Construction vehicles groaned and beeped behind Kimberly Mazaleski as she stood at a lectern Thursday, looking out at a crowd of government and school district officials.

The audience had gathered to witness the official groundbreaking for the new Brunswick Elementary School, a $48 million project scheduled to finish in August 2023. But before the ceremonial shovels hit the dirt, Mazaleski, the school’s principal, called for some last-minute changes to the plans.

The school’s youngest students had submitted a list of simple requests for their new building, Mazaleski said. They wanted an aquarium — complete with sharks — and ziplines through the hallways. They’d like “an ant farm room, with lots of different ant farms,” a dinosaur observatory and a bench long enough for the entire kindergarten.

“While we may not be able to incorporate all their ideas,” Mazaleski said with a laugh, “it’s going to be incredible.”

Crews began working on the site for the new school — directly behind the current building — in mid-April, said Frederick County Public Schools Chief Operating Officer Paul Lebo.

The project’s official launch is a culmination of about three years of planning between the school system and the county, County Executive Jan Gardner said Thursday.

“In terms of school construction, that is fast,” Gardner said.

The current Brunswick Elementary was built in 1952 and “is in great need of modernization,” Gardner said. The district funded additions in 1959 and 1978, but the school hasn’t seen any major updates since a renovation in 1980.

Plus, residential growth in the area has made Brunswick one of the most overcrowded elementary schools in the county. It was operating at 140% capacity as of March.

The new school will be able to accommodate 725 students, compared to the current building’s capacity of 508. Brunswick Elementary will jump from about 60,000 square feet to more than 94,000.

But the school will likely still be slightly over capacity. The district’s 2021 Educational Facilities Master Plan predicted that Brunswick Elementary will have 750 students in 2023 and that its student body would continue to grow.

In her draft capital budget for the next fiscal year, Gardner moved to accelerate the timeline for a new Valley Elementary School by two years, aiming to finish that project by 2025. Valley Elementary — about 15 minutes from Brunswick — feeds into Brunswick middle and high schools.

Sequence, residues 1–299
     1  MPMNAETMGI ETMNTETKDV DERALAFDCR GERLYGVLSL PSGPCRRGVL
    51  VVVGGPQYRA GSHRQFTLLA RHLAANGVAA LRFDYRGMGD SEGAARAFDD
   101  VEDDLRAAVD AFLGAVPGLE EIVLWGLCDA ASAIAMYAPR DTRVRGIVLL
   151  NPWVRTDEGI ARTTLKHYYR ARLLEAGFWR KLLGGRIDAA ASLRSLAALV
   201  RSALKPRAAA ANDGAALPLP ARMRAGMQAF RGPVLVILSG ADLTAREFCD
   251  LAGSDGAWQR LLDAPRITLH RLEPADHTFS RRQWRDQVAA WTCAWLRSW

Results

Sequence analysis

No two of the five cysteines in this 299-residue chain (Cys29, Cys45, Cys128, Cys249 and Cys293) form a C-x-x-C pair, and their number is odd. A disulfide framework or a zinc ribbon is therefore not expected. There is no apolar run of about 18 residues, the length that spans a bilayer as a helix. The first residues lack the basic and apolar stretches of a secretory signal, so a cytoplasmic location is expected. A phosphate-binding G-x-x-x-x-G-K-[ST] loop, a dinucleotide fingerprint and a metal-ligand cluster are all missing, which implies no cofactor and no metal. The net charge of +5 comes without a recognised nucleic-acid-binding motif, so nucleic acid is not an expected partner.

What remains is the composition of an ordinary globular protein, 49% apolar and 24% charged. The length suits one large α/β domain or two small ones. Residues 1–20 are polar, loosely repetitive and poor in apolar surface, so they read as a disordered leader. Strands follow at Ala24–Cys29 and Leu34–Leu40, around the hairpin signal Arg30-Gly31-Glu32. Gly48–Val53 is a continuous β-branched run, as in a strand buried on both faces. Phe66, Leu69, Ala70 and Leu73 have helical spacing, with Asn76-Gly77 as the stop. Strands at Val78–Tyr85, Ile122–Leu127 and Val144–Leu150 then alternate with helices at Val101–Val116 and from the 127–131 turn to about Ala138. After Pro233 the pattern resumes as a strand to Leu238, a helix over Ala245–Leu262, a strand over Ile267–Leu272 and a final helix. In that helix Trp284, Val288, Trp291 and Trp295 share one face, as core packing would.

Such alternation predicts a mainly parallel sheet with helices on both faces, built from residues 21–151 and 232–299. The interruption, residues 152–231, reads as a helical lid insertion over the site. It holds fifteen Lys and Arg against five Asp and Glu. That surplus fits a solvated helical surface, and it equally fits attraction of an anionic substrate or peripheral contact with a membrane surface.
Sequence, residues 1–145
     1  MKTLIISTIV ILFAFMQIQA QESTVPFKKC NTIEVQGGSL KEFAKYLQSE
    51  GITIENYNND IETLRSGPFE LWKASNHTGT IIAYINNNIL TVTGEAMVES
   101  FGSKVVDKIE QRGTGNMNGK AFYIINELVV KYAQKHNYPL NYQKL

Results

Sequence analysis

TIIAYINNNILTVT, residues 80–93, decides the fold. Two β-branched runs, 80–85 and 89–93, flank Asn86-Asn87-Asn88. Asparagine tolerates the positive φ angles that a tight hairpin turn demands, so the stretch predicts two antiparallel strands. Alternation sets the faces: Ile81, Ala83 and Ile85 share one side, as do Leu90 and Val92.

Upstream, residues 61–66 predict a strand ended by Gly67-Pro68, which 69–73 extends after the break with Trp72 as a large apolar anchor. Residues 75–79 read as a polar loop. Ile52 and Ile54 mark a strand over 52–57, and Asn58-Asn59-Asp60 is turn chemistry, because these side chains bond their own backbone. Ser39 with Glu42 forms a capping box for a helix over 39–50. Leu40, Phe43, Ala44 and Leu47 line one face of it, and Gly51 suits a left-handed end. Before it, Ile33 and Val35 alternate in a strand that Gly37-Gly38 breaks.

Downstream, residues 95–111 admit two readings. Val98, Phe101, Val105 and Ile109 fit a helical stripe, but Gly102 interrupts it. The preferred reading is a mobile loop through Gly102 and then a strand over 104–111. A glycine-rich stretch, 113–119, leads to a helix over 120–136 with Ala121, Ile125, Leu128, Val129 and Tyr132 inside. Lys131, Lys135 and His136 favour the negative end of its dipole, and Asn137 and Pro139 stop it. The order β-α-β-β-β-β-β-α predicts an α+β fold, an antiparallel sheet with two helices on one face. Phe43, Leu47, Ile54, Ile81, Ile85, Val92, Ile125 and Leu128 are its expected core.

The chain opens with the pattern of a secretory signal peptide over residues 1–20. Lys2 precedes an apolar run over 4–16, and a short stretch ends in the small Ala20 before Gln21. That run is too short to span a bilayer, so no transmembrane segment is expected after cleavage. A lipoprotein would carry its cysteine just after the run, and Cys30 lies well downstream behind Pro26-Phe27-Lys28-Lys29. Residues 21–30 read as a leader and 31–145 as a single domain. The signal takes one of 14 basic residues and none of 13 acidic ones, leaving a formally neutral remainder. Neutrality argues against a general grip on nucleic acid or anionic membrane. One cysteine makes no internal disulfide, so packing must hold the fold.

More space at Valley Elementary could help alleviate some of the crowding at Brunswick, FCPS officials have said.

Regardless, the Brunswick community is excited about the new school building, Mazaleski said. It will have three playgrounds, each designed for different age groups, as well as a cafeteria with a stage that opens into the gymnasium and a “maker-space” for science and art projects.

The gym will include office, storage and activity space for the county Parks and Recreation Department, which will host community programming there, Gardner added — a first for the Brunswick area.

The kids have been entranced by the construction process since it started a few weeks ago, Mazaleski said. Many of them knew their school was being replaced before, but now, it’s starting to sink in.

“It didn’t seem real until the trees started falling down,” Mazaleski said. “At recess, they would just line up and watch.”

The new school is set to open in the fall of 2023. The site is projected to be finalized — with the current building demolished and all of the landscaping restored — in June 2024.

“I’m excited for everyone in Brunswick, especially these young students,” school board President Brad Young said Thursday.

Follow Jillian Atelsek on Twitter: @jillian_atelsek

(3) comments


Is there a particular reason why they're building a school that they know will be over capacity as soon as the doors open? Wouldn't it make more sense to build larger, especially as they know the student population in Brunswick is growing?


It’s because Mayor brown lacks thinking ability


Mayor Brown literally has zero to do with the construction of the new school. What a sad comment. More so a continued showing of the lack of ability from FCPS and the never ending woes that anything local government related is always far behind and growth and never planned with the future in mind.

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